Boon Duration is also known as Concentration and increases the duration of Boons by 1% per point spent in the specific profession trait line. If you were to invest 30 points into a Rangers Nature Magic trait line, your Boons would receive a 30% increase to their duration. Or if you were to invest 25 points in a Guardians Virtue trait line, you would receive a 25% increase to your Boon durations. This secondary attribute can be incredibly useful when running a supportive Boon heavy build, as it will elongate the duration of them significantly.
For example, an Engineers Elixir B provides Might for 30 seconds, but with 30 points spent in the Engineers Alchemy trait line this would see its duration increase to 36 seconds. If you then combined this with the trait Potent Elixirs (which also provides a 20% duration increase) this would see Elixir B grant Might for 42 seconds; a significant improvement.
Condition Damage — Improves the damage done by conditions like burning, poison, confusion, and bleeding.
Condition Damage is also known as Malice and is paramount for a multitude of skills that apply physical conditions. Contrary to the Primary Attribute descriptions earlier, Power does not affect the damage of a condition, the Secondary Attribute -- Condition Damage/Malice -- does. Without investment in Condition Damage, your conditions (such as Bleed, Poison, Confusion) will deal very little damage. If you do choose a playstyle that relies entirely on Condition Damage, it is absolutely vital that you achieve upwards of 1000 or your damage will be incredibly low and as Condition Damage isn’t leveled naturally (unlike Primary Attributes) this can be difficult to achieve and will often leave you struggling to even out your other Primary Attributes. Luckily, most weapon sets have a clear focus (Power orientated skills or Condition Damage orientated) so it makes life a little easier in determining which path you want to take when investing in trait lines and items.
Condition Duration — Improves the duration of all conditions inflicted by the character.
Similarly to Boon Duration and commonly known as Expertise, Condition Duration does just what it says; it increases the duration of all conditions you inflict on an opponent. Also similar to Boon Duration, each point invested in Expertise will see its duration increase by 1%. If you were to invest 30 points into a Necromancers Spite trait line, your conditions would receive a 30% increase to their duration. This would see a typical condition such as Bleed, caused from the skill Blood Curse, increased from a duration of 7 seconds, to around 8.5.
Expertise is a strong secondary attribute when paired with other items that elongate the lifespan of conditions as while your conditions are active, they are often dealing damage or hindering your foe and as conditions tend to rely on attrition to wear down your opponent, having them last longer is never a bad thing.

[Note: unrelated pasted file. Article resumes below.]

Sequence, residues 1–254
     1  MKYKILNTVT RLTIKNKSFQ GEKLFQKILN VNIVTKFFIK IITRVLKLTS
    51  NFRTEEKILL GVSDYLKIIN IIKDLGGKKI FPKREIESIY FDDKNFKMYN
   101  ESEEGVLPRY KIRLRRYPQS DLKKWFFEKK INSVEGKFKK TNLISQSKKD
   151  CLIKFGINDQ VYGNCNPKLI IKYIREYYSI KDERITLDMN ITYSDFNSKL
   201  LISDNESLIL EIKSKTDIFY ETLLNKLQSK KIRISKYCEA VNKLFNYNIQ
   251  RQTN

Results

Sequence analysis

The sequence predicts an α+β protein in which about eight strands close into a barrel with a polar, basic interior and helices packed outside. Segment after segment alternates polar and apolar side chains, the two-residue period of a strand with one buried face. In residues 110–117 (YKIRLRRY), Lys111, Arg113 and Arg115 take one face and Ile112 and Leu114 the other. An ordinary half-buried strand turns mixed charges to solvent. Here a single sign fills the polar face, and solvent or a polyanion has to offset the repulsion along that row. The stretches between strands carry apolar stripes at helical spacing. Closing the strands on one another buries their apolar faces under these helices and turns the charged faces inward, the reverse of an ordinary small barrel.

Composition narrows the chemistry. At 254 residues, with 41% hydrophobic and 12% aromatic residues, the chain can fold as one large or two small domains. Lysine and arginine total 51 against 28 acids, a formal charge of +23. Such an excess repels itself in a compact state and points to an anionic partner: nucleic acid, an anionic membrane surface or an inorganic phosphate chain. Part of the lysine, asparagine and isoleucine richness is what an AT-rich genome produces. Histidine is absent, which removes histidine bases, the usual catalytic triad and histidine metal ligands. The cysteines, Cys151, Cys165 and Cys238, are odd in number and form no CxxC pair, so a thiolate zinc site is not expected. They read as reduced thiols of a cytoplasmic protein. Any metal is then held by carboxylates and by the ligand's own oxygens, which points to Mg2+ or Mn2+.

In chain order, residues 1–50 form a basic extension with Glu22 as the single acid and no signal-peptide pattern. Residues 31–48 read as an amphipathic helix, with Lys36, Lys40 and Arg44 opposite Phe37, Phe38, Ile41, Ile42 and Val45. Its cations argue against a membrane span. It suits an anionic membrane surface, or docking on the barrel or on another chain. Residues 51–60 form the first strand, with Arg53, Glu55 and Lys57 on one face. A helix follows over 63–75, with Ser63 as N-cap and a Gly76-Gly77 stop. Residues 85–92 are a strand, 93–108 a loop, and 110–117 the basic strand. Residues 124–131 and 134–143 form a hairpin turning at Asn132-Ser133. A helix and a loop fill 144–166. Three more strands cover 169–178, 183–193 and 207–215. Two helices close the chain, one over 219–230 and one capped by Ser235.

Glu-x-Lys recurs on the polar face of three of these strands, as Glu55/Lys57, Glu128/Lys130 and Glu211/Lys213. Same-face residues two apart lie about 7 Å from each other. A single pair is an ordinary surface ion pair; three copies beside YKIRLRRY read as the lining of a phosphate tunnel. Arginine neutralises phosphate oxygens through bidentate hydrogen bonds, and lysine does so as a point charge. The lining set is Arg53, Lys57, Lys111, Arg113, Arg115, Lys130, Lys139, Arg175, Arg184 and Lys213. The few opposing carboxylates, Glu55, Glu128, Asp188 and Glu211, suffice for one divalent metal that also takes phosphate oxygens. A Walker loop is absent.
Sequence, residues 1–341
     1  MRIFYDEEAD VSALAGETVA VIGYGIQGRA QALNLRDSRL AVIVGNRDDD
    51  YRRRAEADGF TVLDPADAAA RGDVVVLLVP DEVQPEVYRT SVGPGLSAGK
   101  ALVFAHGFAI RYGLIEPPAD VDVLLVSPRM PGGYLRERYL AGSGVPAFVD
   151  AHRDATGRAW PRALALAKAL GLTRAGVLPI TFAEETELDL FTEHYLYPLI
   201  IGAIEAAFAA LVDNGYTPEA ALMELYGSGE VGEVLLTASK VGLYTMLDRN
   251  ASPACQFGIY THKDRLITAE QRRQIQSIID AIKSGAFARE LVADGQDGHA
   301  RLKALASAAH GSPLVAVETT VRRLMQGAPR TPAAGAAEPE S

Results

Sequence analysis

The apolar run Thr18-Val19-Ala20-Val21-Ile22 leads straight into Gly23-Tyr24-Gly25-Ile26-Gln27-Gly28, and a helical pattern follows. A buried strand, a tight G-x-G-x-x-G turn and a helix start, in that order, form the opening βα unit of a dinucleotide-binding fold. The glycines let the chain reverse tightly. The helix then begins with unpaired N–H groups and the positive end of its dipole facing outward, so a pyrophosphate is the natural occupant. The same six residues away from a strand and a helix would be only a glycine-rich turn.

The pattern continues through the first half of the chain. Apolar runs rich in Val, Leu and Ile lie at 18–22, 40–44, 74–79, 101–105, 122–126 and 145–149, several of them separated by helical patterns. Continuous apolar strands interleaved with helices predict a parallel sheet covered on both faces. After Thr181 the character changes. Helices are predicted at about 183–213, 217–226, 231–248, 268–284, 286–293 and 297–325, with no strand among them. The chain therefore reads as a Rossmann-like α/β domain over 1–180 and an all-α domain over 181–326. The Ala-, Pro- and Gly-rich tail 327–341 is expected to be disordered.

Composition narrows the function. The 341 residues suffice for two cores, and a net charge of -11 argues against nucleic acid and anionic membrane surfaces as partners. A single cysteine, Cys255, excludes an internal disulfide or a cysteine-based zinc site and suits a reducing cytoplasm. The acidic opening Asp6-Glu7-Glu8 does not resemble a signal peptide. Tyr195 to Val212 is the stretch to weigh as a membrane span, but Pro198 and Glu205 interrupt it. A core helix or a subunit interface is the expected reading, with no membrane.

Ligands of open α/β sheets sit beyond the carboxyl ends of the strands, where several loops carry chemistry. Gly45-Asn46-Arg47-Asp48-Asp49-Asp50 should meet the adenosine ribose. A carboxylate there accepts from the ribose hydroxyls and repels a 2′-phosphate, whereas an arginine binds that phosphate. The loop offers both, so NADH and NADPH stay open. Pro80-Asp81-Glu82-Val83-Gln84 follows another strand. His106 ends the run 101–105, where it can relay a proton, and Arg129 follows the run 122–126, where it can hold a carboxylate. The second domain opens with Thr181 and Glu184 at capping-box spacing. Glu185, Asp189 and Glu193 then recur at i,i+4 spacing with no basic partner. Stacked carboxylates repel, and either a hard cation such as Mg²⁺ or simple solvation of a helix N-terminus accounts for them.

Critical Damage — Improves the damage multiplier on critical strikes.
Critical Damage is also known as Prowess and provides a damage increase to your critical hits, with each point invested in Prowess increasing your critical damage by 1%. It’s a little difficult to describe this secondary attribute without some mathematics involved but in its simplest form, the more Prowess you have, the more damage you will deal when you critically hit.
For those interested in some minor mathematics, critical hits by all professions provide a damage increase of 50%. For example, if your standard attack deals 50 damage, when you critically hit an opponent you would deal 75 damage. This is your base attack damage (50) including a 50% increase (50 + 25 = 75).
By investing 30 points in Prowess (30% extra critical damage) you would actually deal 90 damage. This is your base damage (50) including a 80% increase, as you’ve added 30% on top of your base figure.
It should be noted that Prowess does not effect conditions, so irrespective of how much Prowess you have -- as conditions cannot critically hit someone -- there is little value in investing in it. However, for individuals who enjoy seeing large damage numbers, whom have a high critical hit chance and whom deal physical attacks, it can be incredibly useful for really high damage spikes.
Healing Power — Improves all outgoing heals that your character does, including self heals.
Healing Power is also known as Compassion and improves both incoming and outgoing heals that your character does, including healing from the Boon, Regeneration. Healing Power generally translates as one point invested provides one extra health point on your main heal, with varying differences for splash heals that provide regeneration. A simple example of this would be 100 Heal Power provides 100 extra health to your heal.
Unique to each profession are eight attributes. Like secondary attributes, profession attributes do not automatically improve as your character levels and require investment on your part, into a specific trait line. Each unique profession attribute improves a key element of the profession. It should be noted that you do not have to specialise in profession attributes if you do not wish and won’t be at any disadvantage over another who does. Profession attributes are there to support a specific style of play and if that style of play doesn’t suit you, you shouldn’t feel any pressure to invest in them. Below is a list of the profession attributes which we’ll be covering in a little more depth in a future guide.